Remember Billy McFarland, the scam artist behind the spectacular disaster that was Fyre Festival? If he’s to be believed—and even he admits that’s a big “if”—prison and the novel coronavirus pandemic have helped him turn over a new leaf. In fact, he’s even launched a new endeavor from behind bars: crowdfunding money to help inmates call their loved ones amid the pandemic.
McFarland has named his new effort Project-315. In a letter posted to the initiative’s website, he admits that with Fyre Festival, “I know how badly I messed up. I lied, deceived, and ultimately hurt many people in pursuit of what I thought would be successful business ventures. What I did was absolutely despicable, and the responsibility for the damages caused starts and ends with me.”
McFarland wrote that thinking about his past actions sickens him now. “Ultimately, my mistakes may prove to be unforgivable, but as I sit here and take all of this in, I think back to the day I was sentenced,” he wrote. “I promised to dedicate myself to helping those I hurt through the only way I thought appropriate: by living my apology. After nearly 2 years in jail, I believe in this more than ever.”
McFarland acknowledged that since his most recognizable calling card is a disastrous music festival that left several influencers and wealthy people stranded on an island in FEMA tents, people might be inclined to believe that this new effort, too, might not be entirely above board.
“If I were you, I’d think this is a scam, and that I am full of shit,” he wrote in the letter. “I’d also question anything I read that tried to convince me otherwise. So, instead of saying that Project-315 is very real, and the people we’re trying to help are truly suffering and experiencing pain, I’m going to tell you why I’m doing it, and do my best to focus on the results.”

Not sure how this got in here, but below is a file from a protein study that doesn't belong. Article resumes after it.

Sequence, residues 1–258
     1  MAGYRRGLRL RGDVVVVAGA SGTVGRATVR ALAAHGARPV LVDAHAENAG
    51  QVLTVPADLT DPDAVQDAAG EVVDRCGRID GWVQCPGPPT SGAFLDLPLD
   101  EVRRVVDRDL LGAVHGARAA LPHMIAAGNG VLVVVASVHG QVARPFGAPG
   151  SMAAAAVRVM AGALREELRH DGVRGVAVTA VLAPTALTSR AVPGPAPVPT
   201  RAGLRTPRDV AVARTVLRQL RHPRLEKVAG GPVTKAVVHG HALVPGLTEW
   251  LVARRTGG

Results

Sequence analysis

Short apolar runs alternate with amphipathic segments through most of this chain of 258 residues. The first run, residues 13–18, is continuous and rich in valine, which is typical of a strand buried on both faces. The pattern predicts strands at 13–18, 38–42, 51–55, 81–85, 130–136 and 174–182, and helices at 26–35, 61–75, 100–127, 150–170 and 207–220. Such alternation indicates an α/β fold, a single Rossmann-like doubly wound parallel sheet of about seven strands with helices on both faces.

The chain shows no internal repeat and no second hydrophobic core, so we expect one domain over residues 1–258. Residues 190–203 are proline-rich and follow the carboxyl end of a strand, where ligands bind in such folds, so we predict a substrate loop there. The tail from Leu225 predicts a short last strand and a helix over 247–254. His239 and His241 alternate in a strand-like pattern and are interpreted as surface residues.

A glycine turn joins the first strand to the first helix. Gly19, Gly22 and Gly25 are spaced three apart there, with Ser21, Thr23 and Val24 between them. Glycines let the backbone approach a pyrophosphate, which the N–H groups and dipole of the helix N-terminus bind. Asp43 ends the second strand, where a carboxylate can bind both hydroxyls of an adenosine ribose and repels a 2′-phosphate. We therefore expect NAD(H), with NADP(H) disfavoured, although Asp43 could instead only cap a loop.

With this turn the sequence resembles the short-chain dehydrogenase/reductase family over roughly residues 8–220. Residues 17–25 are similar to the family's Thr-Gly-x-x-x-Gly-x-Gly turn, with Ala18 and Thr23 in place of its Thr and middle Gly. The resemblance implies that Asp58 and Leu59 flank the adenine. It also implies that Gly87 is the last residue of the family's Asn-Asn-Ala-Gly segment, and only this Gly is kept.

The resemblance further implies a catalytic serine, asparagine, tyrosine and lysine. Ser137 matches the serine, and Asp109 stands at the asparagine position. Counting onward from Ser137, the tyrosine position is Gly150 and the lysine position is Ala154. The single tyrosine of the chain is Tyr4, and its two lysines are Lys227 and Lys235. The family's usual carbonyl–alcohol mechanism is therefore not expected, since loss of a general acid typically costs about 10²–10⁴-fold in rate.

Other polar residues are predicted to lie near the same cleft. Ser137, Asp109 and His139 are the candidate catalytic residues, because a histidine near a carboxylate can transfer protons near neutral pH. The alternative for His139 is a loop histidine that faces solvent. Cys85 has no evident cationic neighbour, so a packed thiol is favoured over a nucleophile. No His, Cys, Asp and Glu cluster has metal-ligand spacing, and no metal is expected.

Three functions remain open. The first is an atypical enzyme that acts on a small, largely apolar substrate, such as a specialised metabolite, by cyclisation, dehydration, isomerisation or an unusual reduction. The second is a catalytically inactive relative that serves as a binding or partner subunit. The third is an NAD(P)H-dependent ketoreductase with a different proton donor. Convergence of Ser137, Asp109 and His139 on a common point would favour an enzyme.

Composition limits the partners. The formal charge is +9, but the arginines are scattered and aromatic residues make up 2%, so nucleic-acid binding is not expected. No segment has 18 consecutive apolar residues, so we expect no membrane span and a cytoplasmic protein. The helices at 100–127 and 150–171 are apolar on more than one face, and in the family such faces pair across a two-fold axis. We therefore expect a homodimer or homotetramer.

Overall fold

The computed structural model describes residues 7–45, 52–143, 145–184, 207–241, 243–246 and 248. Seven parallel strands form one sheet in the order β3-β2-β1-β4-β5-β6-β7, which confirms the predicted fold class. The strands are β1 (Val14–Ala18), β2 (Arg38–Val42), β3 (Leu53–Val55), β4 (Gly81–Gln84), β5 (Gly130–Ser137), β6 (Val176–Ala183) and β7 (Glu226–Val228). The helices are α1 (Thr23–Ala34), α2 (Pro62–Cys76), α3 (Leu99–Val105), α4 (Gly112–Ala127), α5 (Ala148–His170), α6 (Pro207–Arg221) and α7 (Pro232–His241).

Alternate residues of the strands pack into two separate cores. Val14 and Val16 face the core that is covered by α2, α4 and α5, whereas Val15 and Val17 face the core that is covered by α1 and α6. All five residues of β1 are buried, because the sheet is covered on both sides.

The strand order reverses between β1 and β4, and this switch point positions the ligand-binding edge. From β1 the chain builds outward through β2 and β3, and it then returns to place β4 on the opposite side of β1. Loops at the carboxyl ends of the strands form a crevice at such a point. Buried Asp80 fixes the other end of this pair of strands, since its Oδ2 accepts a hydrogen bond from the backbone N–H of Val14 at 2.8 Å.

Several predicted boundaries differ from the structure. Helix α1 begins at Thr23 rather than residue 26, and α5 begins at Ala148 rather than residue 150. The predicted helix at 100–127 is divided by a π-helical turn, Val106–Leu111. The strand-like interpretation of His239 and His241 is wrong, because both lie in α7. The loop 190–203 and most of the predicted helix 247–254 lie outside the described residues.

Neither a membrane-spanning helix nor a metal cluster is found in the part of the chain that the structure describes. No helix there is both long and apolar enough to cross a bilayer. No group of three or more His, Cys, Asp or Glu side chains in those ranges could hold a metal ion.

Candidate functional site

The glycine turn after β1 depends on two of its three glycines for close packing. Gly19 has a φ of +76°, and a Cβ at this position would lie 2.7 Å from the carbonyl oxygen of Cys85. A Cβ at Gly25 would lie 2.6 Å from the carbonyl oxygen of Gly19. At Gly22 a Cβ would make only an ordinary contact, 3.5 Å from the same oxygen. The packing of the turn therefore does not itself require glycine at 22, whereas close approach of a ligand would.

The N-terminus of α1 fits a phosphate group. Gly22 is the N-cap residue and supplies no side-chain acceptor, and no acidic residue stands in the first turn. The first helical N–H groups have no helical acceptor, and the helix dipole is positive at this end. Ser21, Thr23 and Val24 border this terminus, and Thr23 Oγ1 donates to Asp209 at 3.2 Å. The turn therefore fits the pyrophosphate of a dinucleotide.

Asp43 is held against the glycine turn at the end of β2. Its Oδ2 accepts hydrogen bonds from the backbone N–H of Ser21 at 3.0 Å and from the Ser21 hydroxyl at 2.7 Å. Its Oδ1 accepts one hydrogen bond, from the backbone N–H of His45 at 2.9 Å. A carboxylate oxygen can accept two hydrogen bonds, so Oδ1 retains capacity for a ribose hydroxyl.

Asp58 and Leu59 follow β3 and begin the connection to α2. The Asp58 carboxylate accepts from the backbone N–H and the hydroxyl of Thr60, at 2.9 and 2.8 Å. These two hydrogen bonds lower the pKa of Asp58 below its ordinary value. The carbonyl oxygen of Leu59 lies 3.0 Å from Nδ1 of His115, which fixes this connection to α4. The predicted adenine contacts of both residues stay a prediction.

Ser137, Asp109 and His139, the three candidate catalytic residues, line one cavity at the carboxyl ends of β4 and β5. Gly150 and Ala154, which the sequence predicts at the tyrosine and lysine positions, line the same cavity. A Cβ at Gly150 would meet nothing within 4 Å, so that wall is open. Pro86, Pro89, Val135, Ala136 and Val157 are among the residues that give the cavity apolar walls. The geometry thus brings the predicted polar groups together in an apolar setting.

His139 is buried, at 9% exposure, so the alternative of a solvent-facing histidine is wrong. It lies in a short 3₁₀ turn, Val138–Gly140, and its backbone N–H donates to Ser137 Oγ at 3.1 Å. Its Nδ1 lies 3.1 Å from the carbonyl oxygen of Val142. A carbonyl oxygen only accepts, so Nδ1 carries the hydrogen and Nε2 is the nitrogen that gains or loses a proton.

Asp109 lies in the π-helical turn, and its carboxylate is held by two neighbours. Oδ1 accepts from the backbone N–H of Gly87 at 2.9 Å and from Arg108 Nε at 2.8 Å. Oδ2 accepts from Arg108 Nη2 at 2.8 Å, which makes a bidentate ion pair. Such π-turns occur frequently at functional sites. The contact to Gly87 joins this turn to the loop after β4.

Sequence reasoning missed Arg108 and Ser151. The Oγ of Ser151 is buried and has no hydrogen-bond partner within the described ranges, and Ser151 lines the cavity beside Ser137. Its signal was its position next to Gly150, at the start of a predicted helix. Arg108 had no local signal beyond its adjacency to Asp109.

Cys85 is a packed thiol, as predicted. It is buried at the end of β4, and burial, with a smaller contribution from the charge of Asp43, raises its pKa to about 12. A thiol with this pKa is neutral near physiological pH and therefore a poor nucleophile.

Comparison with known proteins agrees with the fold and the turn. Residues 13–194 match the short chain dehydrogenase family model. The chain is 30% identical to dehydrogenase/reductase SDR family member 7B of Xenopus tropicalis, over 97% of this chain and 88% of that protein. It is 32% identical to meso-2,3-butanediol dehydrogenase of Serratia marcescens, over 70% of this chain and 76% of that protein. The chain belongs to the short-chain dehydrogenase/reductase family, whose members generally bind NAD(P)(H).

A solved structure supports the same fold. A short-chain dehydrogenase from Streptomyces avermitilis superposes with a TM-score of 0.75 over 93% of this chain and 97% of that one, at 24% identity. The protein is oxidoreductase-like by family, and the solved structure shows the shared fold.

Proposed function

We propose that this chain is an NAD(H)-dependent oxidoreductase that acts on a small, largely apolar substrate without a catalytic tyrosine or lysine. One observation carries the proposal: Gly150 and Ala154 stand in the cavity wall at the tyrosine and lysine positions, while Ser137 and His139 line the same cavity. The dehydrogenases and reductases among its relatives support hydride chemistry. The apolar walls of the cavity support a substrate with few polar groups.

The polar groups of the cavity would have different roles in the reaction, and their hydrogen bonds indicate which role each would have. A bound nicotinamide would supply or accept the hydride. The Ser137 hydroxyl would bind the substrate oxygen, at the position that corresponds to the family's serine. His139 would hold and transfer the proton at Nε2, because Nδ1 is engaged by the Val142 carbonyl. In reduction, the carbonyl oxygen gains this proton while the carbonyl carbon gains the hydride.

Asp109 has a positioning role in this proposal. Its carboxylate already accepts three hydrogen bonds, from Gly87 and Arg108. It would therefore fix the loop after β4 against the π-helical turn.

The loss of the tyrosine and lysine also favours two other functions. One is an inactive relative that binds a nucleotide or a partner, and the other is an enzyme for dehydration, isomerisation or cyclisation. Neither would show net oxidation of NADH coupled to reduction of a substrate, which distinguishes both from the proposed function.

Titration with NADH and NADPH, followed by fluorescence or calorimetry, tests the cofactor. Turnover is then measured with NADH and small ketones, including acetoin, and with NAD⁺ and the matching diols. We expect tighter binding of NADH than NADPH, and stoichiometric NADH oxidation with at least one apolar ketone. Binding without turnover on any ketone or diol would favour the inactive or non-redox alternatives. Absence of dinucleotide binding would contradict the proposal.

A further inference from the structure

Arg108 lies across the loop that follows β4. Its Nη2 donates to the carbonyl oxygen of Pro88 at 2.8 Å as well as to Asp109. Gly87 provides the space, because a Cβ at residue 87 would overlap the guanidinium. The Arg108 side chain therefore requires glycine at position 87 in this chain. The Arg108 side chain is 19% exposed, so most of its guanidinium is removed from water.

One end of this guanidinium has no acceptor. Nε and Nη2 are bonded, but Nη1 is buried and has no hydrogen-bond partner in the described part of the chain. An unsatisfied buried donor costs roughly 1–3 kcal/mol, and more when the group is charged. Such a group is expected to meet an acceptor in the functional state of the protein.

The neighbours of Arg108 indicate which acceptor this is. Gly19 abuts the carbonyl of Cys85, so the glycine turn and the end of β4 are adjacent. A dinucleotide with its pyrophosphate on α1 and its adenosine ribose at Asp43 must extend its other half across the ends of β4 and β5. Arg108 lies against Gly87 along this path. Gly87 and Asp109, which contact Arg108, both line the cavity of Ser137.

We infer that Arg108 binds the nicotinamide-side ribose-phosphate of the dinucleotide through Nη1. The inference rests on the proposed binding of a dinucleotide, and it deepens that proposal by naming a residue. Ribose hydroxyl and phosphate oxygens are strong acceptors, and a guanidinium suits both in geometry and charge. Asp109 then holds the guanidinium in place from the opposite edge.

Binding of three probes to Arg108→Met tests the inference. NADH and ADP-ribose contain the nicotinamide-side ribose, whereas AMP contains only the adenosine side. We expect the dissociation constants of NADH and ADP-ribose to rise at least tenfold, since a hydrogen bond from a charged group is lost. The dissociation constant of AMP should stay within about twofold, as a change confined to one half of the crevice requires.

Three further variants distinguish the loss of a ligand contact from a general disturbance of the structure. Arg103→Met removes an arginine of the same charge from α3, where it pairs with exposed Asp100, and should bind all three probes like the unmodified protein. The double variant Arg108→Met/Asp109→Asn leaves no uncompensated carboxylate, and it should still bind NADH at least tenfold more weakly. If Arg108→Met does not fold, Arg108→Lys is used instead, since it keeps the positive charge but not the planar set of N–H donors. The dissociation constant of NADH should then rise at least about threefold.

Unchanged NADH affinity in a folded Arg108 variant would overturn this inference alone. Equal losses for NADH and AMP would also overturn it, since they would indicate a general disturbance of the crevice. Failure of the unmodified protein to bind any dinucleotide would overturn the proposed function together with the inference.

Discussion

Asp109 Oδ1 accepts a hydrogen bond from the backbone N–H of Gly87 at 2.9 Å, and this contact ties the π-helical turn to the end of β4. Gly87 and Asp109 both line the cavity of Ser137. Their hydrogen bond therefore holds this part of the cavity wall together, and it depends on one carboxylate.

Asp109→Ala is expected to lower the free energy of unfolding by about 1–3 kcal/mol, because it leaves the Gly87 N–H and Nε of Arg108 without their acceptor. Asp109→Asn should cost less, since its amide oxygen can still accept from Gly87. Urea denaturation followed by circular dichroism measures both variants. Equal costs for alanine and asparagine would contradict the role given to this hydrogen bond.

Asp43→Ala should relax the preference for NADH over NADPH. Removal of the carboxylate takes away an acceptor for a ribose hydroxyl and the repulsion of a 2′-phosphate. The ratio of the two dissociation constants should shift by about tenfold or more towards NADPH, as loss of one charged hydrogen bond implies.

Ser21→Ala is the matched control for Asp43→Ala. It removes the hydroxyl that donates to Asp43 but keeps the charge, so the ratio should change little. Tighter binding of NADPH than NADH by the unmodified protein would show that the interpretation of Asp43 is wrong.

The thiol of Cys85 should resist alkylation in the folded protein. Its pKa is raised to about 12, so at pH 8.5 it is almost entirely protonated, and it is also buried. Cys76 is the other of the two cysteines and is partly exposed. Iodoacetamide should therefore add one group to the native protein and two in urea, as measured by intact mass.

What follows is, essentially, a paragraphs-long brand pitch that attempts to explain why McFarland made “wrong, immoral, and terrible decisions” as he “legitimately tried to execute” the Fyre Festival. McFarland then notes how many inmates across America cannot afford to call their families from prison, which costs $3.15.
And in anticipation of some skepticism when it comes to how the funds will be handled, McFarland also included a note that claims “[a]ll donations, except for fees to receive and distribute funds, go directly to inmates and their families... I am not touching any of the money. I don’t have access to the funds. I’m not getting paid. And I’m not receiving any financial benefit... Weekly accounting will be published, and any questions regarding the accounting records will be answered publicly.”
Speaking with the New York Post about his mission, McFarland said some of his friends will contribute to get the funding started—“so we’ll help the first few thousand families and we’ll go from there.” Last year, McFarland was transferred to the Elkton Federal Correctional Institution in Ohio from a cushier minimum-security prison in New York after sneaking in a prohibited recording device.
One of McFarland’s fellow inmates at Elkton, Jebriel, told the Post that McFarland has already helped him speak to his own family. “Billy’s been a godsend—he helps so many people,” Jebriel said. McFarland added $10 to Jebriel’s account last week so that he could speak with his father for the first time in six years, the Post reports. “I wanted to hear his voice,” Jebriel said, “and Billy helped me out.”